Wearing a posture shirt “will help alleviate muscular pain from being sedentary and that can reduce fatigue,” says Schultz. He explains that the key distinguisher of the Alignmed design is the “NeuroBands that start in the front of the shoulders and pull back over the shoulders, down the postural muscles and convene at the spine.
Schultz says Alignmed does not sell “a compression product, as you want to allow for expansion for sitting down and not press on the belly. What we’re using are variable-stretch bands in a garment that is 6 inches longer than a regular T-shirt. The NeuroBands work to activate muscles, even while sitting and driving.
“Our garments fit snugly; they pull the shoulders back to correct posture, fire nerves and muscles, and stimulate blood flow while opening up oxygen intake,” he continues. “This helps reduce inflammation while being sedentary. And for truckers who must also perform strenuous duties, such as unloading, lifting and bending, the Alignmed Posture Shirt balances the body to enable it to perform these tasks with a reduced threat of injury.”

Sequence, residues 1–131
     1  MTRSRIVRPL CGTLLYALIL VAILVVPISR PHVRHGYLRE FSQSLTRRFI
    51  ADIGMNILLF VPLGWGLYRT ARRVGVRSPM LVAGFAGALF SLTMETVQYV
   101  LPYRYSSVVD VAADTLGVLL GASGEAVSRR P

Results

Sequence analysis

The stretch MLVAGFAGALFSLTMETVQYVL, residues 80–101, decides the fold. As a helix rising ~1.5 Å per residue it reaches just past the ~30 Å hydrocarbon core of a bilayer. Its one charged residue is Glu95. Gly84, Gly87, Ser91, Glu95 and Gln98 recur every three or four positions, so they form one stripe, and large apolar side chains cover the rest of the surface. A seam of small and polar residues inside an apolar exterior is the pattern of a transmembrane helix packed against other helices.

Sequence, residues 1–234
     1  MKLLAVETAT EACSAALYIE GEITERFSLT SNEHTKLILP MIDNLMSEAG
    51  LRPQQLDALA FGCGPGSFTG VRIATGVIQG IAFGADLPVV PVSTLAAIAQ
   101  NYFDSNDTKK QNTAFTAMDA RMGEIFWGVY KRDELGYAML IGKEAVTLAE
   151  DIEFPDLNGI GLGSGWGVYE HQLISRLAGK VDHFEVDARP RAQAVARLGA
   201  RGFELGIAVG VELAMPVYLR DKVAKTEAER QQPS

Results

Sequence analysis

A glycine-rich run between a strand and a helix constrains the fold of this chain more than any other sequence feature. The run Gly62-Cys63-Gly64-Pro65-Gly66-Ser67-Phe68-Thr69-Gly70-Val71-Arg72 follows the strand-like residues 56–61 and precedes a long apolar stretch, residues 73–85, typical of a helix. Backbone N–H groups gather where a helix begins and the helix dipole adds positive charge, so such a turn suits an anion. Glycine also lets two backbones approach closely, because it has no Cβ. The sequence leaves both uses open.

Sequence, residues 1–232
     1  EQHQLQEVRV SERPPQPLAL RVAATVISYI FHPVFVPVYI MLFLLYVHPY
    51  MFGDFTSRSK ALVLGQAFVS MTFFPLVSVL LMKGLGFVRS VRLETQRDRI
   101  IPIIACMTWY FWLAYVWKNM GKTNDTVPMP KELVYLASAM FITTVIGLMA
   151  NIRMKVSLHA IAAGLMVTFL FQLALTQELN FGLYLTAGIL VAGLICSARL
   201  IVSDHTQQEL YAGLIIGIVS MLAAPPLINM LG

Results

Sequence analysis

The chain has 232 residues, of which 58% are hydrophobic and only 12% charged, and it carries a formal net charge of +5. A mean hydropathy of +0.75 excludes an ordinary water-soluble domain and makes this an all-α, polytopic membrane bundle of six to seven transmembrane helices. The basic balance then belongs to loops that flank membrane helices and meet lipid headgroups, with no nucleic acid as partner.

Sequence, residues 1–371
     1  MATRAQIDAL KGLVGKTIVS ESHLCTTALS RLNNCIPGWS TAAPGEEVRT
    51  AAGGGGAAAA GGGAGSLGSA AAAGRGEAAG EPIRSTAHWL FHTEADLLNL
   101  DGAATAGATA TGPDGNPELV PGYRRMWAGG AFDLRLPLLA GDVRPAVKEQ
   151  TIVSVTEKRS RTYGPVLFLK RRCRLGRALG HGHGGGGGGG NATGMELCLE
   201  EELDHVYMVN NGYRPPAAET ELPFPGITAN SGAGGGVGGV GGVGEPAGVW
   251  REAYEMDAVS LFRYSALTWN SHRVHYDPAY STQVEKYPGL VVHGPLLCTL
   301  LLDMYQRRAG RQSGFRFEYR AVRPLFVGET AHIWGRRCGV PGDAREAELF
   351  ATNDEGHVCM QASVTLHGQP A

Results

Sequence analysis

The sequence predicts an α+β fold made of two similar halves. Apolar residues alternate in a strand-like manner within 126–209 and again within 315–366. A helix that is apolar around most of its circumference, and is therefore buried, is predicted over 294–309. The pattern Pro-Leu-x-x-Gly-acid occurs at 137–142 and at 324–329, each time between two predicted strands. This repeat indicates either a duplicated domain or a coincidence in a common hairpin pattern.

CORRECTED: Bill Schultz's name was incorrectly spelled in the original version of this article. We apologize for the error.

Wednesday, May 18, 2016

World’s Largest Truck Convoy

Make-A-Wish Mother’s Day Truck Convoy Set an Unofficial World Record

Truck drivers normally hate congestion, but none of the drivers in the 590-truck traffic jam on Mother’s Day in Lancaster, Pa., seemed to mind.
The annual Make-A-Wish Mother’s Day Truck Convoy set an unofficial world record for the world’s longest truck convoy. Validation by the Guinness Book of World Records will take a while, but Sunday’s event seems to have shattered the previous official record of 416 trucks, set in the Netherlands, and is a high for the Make-A-Wish event, which has been held for 27 years.
More importantly, the convoy is estimated to have raised at least $350,000 for Make-A-Wish Philadelphia, North Delaware and Susquehanna Valley, a charity that grants wishes to children with life-threatening medical conditions.
The event began with one little boy’s wish to ride in a truck and talk to his sister on CB radio and, thanks to the generosity of truckers, has grown into an all-day family celebration that raises hundreds of thousands of dollars.